A recent development was registered in the study of self-folding materials that provides the researchers with a completely new level of control on the sequence in which joints get folded. Michael Dickey, a chemical and biomolecular engineering professor from the North Carolina State University, says, “A longstanding challenge in the field has been finding a way to control the sequence in which a 2-D sheet will fold itself into a 3-D object. As anyone who has done origami – or folded their laundry – can tell you the order in which you make the folds can be extremely important.”
The made use of a complete simple procedure that was first developed by Dickey and his teammate Jan Genzer in year 2011. These two researchers ran prestressed flat plastic sheets via an inkjet printer. Once placed into the printer, these prestressed plastic sheet seams were layered with a bold black ink layer. Once dried, these sheets were kept in light, as black ink began absorbing energy from light; the seams began bending leading to formation of a 3D structure from a sheet that was first flat.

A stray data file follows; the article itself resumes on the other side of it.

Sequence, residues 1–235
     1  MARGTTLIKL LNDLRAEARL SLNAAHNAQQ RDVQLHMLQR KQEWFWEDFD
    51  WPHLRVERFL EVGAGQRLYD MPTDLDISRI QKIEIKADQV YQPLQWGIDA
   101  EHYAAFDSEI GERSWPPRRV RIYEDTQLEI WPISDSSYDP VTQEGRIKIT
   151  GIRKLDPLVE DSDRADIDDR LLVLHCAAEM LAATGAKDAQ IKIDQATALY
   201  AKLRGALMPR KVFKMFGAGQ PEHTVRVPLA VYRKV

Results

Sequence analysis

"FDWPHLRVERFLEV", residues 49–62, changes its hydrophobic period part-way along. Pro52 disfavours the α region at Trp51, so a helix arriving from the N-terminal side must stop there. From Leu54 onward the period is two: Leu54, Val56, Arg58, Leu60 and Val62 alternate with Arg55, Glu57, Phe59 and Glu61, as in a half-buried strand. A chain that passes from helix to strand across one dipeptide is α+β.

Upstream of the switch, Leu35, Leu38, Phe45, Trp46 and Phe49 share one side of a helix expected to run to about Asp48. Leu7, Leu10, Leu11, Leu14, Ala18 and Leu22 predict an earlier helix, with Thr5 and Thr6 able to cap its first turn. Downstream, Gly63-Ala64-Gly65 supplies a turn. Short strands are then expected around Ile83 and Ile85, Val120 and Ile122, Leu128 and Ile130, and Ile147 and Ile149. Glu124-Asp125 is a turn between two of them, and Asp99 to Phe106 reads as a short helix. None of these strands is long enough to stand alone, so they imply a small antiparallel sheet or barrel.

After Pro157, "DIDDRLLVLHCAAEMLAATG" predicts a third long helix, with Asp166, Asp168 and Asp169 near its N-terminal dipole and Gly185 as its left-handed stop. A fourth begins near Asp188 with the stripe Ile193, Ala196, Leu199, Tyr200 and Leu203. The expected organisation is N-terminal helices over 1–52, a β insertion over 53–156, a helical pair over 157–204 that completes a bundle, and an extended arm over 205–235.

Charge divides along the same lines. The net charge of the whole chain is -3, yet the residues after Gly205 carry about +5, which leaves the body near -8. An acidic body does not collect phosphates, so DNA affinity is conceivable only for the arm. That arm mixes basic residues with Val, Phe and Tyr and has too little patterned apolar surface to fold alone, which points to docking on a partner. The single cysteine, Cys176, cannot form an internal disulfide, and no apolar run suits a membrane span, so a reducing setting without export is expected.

In their recent research, Dickey, along with his colleagues, added a complete series of various colored inks in their experiment which allows the artist to control the sequence in which a sheet folds according to the quantity of energy that absorbs color from a source of light. They recently published their results. Dickey adds, “This is a proof-of-concept paper, but it opens the door to a range of potential applications using a simple and inexpensive process. Ultimately, people are interested in self-assembling structures for multiple reasons, from shipping things things in a flat package and having them assembles on site to having devices self-assemble in ‘clean’ environments for medical or electronic applications.”
In near future. Whether color-coded or not, this kind of hinges will be very popular for folding solar cells, product packaging, as well as manufacturing all of which need better folding methods. There is something very charming about the concept of a facility filed with structures that fold on their own after absorbing light.
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